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Thread: UK neurologist Dr. Peter M. Smith asks why syringomyelia surgeries are failures

  1. #21
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    Quote Originally Posted by Janelise View Post
    I don’t really see the point of asking questions on this forum
    I think the answer to that is fairly clear Jane. This same link was shared by the same person, at the same time, but on 'that talk forum' we don't mention by name here..... and guess what... 34 people have looked at his post on that forum, but not one single person has commented on it .... and that might just be food for thought next time a link is shared by a certain member of this forum.

    Veronica.

  2. #22

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    Quote Originally Posted by Janelise View Post
    ... I don’t really see the point of asking questions on this forum, nor do I see the point of posting the information on a web site if the owner of the website is unhappy with it.
    Jane, you don't see the point of posting information on a website if the owner of the website is unhappy with it? I don't follow you. The purpose of my original posting in this thread was to inform the viewers of Dr. Smith's views about past CM/SM research and what he thinks should be the focus of future research. This section of the bulletin board is titled "Syringomyelia". This certainly seems to be an appropriate forum to post such information.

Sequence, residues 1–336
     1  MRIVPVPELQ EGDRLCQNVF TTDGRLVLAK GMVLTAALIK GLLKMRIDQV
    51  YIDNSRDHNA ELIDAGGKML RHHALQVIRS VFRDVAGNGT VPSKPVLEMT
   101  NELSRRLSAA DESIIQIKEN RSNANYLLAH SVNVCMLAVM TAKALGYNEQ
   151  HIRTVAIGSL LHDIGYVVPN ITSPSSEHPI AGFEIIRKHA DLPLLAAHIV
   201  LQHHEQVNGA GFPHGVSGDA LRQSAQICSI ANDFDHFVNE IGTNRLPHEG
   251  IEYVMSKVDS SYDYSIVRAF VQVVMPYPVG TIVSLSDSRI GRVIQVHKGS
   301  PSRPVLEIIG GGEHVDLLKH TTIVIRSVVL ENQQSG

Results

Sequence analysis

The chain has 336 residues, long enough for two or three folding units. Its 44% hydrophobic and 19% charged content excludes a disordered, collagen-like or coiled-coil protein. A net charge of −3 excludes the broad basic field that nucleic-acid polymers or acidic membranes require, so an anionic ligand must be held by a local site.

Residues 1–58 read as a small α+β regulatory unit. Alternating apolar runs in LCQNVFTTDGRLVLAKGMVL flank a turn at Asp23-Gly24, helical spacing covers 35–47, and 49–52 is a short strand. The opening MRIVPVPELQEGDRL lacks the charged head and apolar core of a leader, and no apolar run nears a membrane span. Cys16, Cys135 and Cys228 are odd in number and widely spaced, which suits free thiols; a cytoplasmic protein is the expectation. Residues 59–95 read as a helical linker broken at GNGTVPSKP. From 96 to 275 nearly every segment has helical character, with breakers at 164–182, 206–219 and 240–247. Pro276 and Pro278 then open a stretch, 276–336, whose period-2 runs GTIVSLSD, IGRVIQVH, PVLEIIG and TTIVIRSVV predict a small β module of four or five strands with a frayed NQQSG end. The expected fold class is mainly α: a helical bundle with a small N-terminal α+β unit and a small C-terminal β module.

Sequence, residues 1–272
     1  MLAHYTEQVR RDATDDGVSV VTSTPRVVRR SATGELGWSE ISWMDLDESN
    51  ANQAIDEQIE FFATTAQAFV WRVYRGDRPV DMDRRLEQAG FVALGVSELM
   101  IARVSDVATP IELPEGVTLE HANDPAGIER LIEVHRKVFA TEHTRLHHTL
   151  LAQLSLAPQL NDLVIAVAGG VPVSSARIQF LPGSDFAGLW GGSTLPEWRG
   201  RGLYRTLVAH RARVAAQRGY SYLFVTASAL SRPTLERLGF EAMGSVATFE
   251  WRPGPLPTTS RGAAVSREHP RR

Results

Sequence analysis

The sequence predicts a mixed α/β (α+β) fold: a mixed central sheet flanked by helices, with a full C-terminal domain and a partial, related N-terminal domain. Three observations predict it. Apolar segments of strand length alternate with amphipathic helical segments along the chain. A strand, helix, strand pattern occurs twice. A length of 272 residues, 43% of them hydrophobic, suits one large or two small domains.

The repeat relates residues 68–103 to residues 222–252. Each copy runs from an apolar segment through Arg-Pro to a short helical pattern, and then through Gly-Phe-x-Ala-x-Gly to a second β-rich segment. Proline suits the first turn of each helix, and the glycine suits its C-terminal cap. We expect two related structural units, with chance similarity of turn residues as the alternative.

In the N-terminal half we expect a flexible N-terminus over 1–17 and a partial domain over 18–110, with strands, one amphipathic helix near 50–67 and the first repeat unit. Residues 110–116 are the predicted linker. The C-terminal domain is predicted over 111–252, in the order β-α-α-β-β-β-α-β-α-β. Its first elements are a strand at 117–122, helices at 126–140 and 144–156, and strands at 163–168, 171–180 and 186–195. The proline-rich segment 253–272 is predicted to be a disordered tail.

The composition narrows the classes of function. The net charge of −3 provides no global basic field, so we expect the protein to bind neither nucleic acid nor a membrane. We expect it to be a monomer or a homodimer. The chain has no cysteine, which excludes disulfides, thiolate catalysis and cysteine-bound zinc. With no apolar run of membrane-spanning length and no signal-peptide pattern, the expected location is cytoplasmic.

As for my questions, they were listed in response to an inquiry by another poster on this thread.
    Rod Russell

  3. #23

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    OK, I’ll put it another way: it seemed to be an interesting and refreshing viewpoint being presented in a negative manner.

    I read the section entitled Research News; October 2013, on the Cavalier health website and which basically gives the information that Doctor Peter Smith asks questions, but states that he does not seem to mention any research he has done. There is an expression “Damning with faint praise” which is what this article seems to do. It is also a little frustrating that the article refers to an editorial that Dr Smith wrote in the “Veterinary journal” but doesn’t state WHICH veterinary journal; there are several!

    I do find it EXTREMELY refreshing that there is a neurologist who is asking questions and suggesting better understanding. The statement that he is “seeming to criticize others’ studies” is negative, especially when coupled with the statement that he does not offer any new strategies.

    Here is how it struck me, précis:

    NEGATIVE : UK's Dr. Peter Smith seems to criticize others' studies
    POSITIVE : He suggests the need to understand why the syrinx forms, in order to improve surgical treatments and strategies aimed at preventing development of the syrinx.
    NEGATIVE : He does not mention any findings that decompression surgeries have not been successful. (my question: why was this rather unwieldy wording used?? It would have been simpler to say “have been unsuccessful”.) *